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By Jeremy Deaton
Every morning, Luz Hernandez goes to work at her hair salon on the Upper West Side of Manhattan, a neighborhood fixture without a website or a Facebook page, where a trim costs $40 and customers can get a cup of coffee while they wait. Every night, she returns to a full fridge in an air-conditioned home in the Bronx. Income from the salon allows her to live comfortably, though not lavishly — but compared to her family in Puerto Rico, who were devastated by Hurricane Maria, she feels like royalty.
By Eoin Higgins
A group of Democratic Senators, led by Elizabeth Warren, are again pushing to have Puerto Rico's debt forgiven in the wake of dual hurricanes that hit the island in 2017 — an announcement that came as activists from the U.S. territory were on Capitol Hill to find a solution to the island's economic woes.
EcoWatch Daily Newsletter
By Jake Johnson
With more than a million U.S. citizens in Puerto Rico facing devastating food stamp cuts as Congress fails to provide necessary hurricane relief funding, President Donald Trump reportedly complained to Republican senators on Tuesday that the island is receiving "too much" aid — a position that was decried as both false and cruel.
Brock Long, the Federal Emergency Management Agency (FEMA) director who oversaw the agency's controversial response to Hurricane Maria, announced his resignation Wednesday.
"It has been a great honor to serve our country as @fema Administrator for the past two years. While this has been the opportunity of the lifetime, it is time for me to go home to my family," Long said in a tweet announcing his departure.
Study: Feds Response to Hurricane Maria Slower, Less Generous Than Responses to Texas and Florida Storms
Since the death toll in Puerto Rico from Hurricane Maria was officially raised to 2,975, it has been acknowledged as one of the deadliest disasters in U.S. history, and the deadliest hurricane in more than 100 years. But many have argued it didn't have to be that way, pointing to a less-than-adequate response from the federal government.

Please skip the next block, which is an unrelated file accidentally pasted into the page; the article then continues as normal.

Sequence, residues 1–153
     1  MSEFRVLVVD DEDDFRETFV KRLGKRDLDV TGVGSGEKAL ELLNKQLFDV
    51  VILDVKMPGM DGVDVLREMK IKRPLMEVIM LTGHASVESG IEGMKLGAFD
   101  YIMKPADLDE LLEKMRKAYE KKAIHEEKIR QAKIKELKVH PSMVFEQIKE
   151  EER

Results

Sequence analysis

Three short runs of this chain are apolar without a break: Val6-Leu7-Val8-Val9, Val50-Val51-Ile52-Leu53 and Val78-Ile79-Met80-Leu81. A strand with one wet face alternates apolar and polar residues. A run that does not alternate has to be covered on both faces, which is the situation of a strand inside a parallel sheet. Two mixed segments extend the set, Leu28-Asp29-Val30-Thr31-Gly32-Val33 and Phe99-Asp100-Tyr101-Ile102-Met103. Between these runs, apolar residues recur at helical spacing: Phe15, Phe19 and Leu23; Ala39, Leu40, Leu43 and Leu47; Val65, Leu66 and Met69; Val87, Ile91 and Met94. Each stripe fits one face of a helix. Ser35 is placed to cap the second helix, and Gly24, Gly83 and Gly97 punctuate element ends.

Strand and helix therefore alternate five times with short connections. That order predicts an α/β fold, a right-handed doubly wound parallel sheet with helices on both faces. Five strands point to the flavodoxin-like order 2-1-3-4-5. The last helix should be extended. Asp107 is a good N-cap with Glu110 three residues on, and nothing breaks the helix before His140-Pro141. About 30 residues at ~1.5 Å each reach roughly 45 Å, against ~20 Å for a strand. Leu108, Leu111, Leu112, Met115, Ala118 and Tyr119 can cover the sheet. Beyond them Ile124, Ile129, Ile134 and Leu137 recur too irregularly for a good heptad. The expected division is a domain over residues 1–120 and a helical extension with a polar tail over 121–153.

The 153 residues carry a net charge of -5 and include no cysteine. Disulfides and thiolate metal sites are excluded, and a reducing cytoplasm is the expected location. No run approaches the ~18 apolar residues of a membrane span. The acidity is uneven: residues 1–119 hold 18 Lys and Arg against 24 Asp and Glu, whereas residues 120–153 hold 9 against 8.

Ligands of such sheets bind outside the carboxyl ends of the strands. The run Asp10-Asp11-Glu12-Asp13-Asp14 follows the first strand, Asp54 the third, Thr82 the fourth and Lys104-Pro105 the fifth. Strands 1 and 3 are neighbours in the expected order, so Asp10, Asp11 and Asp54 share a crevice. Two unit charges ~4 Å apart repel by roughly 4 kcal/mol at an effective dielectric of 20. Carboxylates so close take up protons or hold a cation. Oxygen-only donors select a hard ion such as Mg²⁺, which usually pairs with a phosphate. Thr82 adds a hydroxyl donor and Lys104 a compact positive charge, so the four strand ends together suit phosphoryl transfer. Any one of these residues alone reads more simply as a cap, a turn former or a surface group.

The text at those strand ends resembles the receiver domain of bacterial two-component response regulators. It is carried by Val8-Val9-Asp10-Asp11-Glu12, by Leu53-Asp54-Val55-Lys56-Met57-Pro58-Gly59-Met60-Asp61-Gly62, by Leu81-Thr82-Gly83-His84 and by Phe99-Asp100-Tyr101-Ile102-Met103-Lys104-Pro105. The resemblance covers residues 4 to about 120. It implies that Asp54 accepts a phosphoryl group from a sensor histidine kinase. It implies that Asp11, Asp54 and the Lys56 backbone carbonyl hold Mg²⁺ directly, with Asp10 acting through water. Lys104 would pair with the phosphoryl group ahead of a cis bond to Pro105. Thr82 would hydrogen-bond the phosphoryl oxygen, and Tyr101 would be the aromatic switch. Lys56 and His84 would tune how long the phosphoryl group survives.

2018 is set to rank as the fourth warmest year on record—and the fourth year in a row reflecting a full degree Celsius (1.8° Fahrenheit) temperature rise from the late 1800s, climate scientists say.
This was the year that introduced us to fire tornadoes, bomb cyclones and in Death Valley, a five-day streak of 125°F temperatures, part of the hottest month ever documented at a U.S. weather station.
A year has passed since Hurricane Maria first made landfall in Puerto Rico, destroying homes, roads and vehicles in its path—and taking thousands of lives. The island languished for months as an insufficient emergency response campaign attempted to restore basic services like water and power. After a recent independent study, the official death toll was raised from the initial 64 to 2,975; analysis done by The New York Times, citing malnutrition and other food-based ailments as possible culprits for surging mortality in the storm's aftermath, estimated that number could be more than 4,000.
September 20 marked the one-year anniversary of the most devastating and deadly natural disasters in 100 years of U.S. history—Hurricane Maria. Today, Puerto Rico continues to face both challenges, such as Tropical Storm Kirk landing today, and opportunities.
Many wonder how Puerto Rico is doing so EcoWatch teamed up with the non-profit Para la Naturaleza (PLN) for an interactive Facebook live experience on Thursday. Watch the video below to learn how the community of Puerto Rico—the town of Comerío—came together to revitalize the natural ecosystems. PLN is working towards the ambitious goal of planting 750,000 native and endemic trees and establishing 33 percent of Puerto Rico's lands as protected by 2033.
As Puerto Rico marked one year since Hurricane Maria made landfall yesterday, the Miami Herald this week ran extensive reports in English and Spanish on the island's continuing recovery.
The photos, first reported by CBS Wednesday after going viral on social media the day before, show potentially millions of water bottles sitting on a runway in Ceiba, Puerto Rico nearly a year after the storm.